The mitral valve lies between the left atrium (top chamber) and left ventricle (bottom chamber) of the heart. Mitral valve prolapse occurs when the either one or both of the cusps of the mitral valve do not close properly and penetrate back into the top chamber of the heart. This results in some leakage back into the top chamber of the heart. Often times a murmur can be heard by your provider. There are no major symptoms associated with mitral valve prolapse and usually it does not require treatment. Mitral valve prolapse may increase the risk of infection of the valve.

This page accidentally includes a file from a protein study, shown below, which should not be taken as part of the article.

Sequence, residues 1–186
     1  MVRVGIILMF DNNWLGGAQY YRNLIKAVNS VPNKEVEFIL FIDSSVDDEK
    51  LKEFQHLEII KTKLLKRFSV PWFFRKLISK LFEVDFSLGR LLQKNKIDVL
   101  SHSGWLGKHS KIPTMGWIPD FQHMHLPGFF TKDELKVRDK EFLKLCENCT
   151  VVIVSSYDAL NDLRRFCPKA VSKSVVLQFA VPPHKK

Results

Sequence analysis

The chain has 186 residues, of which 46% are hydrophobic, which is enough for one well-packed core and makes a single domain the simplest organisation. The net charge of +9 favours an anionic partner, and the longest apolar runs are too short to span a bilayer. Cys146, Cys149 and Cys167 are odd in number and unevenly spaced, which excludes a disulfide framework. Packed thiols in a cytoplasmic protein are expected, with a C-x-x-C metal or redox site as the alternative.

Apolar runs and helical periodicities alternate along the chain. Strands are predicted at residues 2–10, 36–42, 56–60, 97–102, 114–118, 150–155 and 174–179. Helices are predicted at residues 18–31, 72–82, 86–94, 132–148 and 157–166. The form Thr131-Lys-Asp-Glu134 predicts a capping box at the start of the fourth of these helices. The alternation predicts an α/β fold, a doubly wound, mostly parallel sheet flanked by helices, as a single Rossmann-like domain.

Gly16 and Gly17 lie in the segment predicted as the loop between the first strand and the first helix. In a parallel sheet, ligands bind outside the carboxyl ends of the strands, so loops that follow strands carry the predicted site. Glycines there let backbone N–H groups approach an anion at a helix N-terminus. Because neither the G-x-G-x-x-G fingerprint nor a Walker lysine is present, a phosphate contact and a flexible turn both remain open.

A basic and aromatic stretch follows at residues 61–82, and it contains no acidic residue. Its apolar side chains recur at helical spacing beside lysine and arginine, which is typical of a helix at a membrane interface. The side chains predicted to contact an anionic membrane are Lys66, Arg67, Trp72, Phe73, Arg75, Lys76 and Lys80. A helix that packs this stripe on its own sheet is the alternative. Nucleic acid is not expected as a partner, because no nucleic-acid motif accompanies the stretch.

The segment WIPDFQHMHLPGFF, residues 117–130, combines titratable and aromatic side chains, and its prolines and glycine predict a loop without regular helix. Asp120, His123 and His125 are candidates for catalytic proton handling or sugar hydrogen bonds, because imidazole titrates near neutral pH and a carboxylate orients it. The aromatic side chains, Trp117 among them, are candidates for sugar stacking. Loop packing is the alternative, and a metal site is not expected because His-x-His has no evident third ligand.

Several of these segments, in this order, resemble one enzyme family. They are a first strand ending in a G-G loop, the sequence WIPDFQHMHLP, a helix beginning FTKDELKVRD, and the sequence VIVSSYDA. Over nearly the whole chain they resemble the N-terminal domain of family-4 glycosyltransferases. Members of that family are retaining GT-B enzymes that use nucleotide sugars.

The American Heart Association “no longer recommends routine antibiotics before dental procedures except for patients at the highest level of risk for bacterial endocarditis, such as patients with a prosthetic cardiac valve, patients who have had bacterial endocarditis before, or patients with specific types of congenital heart disease” (American Heart Association, 2009). Please ask your cardiology provider if you have any questions regarding this.
For more information, please visit the American Heart Association at